Yesterday was a good day. Today has been, too. For the most part. Mom and dad left yesterday morning, and while I was sad to see them go, I was grateful they dropped everything to come take care of me. They were the love, care, and distraction I needed. They took a bit of pressure off of Jim, too. These cood swings don’t affect just me. Jim’s living with someone who’s fine one minute and off the rails the next. And he’s got nowhere to go. He’ll definitely have nowhere to go after 8:30 tomorrow morning. That’s when I get my COVID test, required before any surgery. From then until several days after my lumpectomy on September 8 we’re here, at home. No more daily walks. Self-isolation means exactly that.
That’s OK. I’ve got projects. I’ve got propagated basil and asters and mums to plant. Pictures to hang. Brochures (so many brochures) to organize. Stories to tell.
Those stories are a big part of why yesterday was good. I hit publish on my piece about Eagle Ridge in Galena, and I received word that the Midwest Road Trip Adventures book, with my chapter on Illinois and contribution to South Dakota, is available for pre-order. I was in Galena at the end of July. Drove around Illinois at the beginning of the same month. I think it was this year. Maybe it was all a dream and I’m suddenly writing fiction.
I’m doing so much better that I’m almost embarrassed by my angst of two days ago. Not really, but it seems oh so dramatic. Woe is me is an uncomfortable and alien emotion.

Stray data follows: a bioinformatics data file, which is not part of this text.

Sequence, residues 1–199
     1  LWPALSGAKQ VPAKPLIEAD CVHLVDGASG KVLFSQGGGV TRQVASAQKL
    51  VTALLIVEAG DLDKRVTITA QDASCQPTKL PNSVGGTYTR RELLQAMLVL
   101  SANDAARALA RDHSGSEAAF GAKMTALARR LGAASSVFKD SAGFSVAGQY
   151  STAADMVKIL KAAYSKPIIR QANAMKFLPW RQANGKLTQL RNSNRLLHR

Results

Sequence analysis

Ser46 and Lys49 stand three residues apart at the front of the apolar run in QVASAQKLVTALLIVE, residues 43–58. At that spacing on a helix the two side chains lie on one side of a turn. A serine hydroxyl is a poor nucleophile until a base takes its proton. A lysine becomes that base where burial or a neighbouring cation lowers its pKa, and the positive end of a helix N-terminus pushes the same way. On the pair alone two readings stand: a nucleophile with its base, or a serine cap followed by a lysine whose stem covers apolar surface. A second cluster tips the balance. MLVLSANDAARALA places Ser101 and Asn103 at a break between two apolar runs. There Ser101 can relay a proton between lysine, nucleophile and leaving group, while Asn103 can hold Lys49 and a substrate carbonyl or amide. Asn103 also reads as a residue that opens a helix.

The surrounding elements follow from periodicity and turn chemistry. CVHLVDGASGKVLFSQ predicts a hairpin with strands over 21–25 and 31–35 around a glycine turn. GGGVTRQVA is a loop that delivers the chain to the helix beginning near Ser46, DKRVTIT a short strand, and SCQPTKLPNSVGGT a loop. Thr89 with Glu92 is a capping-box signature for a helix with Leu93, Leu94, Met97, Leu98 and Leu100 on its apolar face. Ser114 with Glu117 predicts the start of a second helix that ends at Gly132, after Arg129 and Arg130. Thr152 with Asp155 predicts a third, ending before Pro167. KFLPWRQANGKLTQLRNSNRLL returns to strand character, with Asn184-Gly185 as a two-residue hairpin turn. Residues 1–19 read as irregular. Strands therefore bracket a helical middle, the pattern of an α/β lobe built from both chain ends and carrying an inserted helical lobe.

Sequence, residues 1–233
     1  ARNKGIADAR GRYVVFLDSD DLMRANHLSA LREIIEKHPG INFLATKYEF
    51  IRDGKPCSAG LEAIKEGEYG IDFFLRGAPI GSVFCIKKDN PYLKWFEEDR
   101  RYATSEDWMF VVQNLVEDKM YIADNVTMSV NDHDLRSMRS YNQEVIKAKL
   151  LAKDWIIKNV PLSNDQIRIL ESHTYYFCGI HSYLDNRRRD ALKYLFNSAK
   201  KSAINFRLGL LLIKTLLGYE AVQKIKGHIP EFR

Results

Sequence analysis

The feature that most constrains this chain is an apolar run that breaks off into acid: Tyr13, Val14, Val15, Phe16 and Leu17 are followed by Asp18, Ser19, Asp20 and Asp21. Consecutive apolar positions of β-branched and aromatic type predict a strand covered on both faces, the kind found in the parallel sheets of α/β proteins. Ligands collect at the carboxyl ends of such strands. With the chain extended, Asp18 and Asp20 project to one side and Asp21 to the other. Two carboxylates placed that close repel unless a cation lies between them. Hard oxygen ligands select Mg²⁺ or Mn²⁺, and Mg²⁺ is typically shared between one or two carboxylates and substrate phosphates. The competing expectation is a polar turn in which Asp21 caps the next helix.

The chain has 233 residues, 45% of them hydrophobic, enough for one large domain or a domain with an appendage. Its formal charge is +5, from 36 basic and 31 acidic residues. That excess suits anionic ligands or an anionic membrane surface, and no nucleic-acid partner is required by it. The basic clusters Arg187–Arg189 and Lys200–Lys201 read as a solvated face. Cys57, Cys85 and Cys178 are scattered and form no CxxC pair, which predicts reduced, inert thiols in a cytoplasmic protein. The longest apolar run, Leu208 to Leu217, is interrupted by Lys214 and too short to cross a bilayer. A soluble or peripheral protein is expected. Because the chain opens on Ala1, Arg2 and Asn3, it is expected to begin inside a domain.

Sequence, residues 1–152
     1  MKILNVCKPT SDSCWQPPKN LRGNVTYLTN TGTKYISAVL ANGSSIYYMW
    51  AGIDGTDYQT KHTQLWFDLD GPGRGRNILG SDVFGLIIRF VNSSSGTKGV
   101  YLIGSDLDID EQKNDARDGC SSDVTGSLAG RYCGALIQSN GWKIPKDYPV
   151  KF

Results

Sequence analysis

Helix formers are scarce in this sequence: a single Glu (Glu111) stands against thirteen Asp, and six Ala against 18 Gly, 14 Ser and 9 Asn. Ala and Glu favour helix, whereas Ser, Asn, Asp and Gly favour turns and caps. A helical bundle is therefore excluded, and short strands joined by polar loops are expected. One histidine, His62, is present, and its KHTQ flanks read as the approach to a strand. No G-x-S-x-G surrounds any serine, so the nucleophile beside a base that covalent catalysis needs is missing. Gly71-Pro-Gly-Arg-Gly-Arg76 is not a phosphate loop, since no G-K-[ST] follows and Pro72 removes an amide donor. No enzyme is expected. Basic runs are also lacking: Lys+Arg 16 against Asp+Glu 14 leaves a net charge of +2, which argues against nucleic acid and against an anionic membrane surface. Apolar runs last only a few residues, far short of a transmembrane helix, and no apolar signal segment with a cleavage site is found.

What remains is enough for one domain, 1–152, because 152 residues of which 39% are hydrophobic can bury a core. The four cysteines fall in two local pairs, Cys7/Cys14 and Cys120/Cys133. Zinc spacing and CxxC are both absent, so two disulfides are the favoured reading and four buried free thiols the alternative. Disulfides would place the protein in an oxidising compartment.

I stocked up at the grocery store today. More fruits. More vegetables. Peppers. Whole wheat tortillas, flaxseed wraps, and multi-grain, thinly-sliced bread. Oatmeal. Ginger. Onions. Garlic. My weapons of choice in this battle for my body. Tonight we’re having a local butchershop pork tenderloin prepared in the sous vide with oregano from my garden and sliced garlic. The side dishes are brown rice with tomatoes and green chiles, and green beans amandine, made with olive oil instead of butter. Pre-health-concerns-Me would have made a mushroom cream sauce and mashed potatoes, heavy on the butter and milk, to go with that pork, which might have been breaded. Sounds good, doesn’t it? But what we’re going to have sounds better. It’s more complex and flavorful. Primarily, it won’t kill me.
I had such high hopes for my fiftieth birthday year. We’re all dealing with this pre-March fantasy land of a bright and shiny 2020 that’s been destroyed by a global pandemic and our national atrocity. Now, in addition to trying not to catch a viral disease that has been politicized to the point where thousands have died who shouldn’t have, I also have to lower my blood pressure, lower my cholesterol, lower my glucose levels, and lose
fifty-eight forty-seven pounds. It’s bad enough dealing with people who think they’re more important than anyone else (I’m looking at you, mask-refusers); now I have to deal with cells inside my own body with the same god-complex.
But I know, despite the Chernobyl-esque carnival that is our reality, complete with barkers and swindlers and the evil “othering” of anyone not like Leave It to Beaver, that there is a helluvalotta good in this world. There’s a helluvalotta good in my world. I’m overcome with gratitude for the support that’s been heaped on me like somebody dumped a Rose Parade’s worth of petals over my head. (Maybe an exaggeration, but not by much.) The fortuity of finding out I have cancer at the earliest, best moment I could have, out of sheer good timing, is a gift. A pure gift.
Whether I’ve earned it or not, I’m going to.
Today was a good day. So was yesterday. Will tomorrow be, too? Maybe. Maybe not. I’ll let you know.
(And keep your fingers crossed I’m COVID-free, please!)
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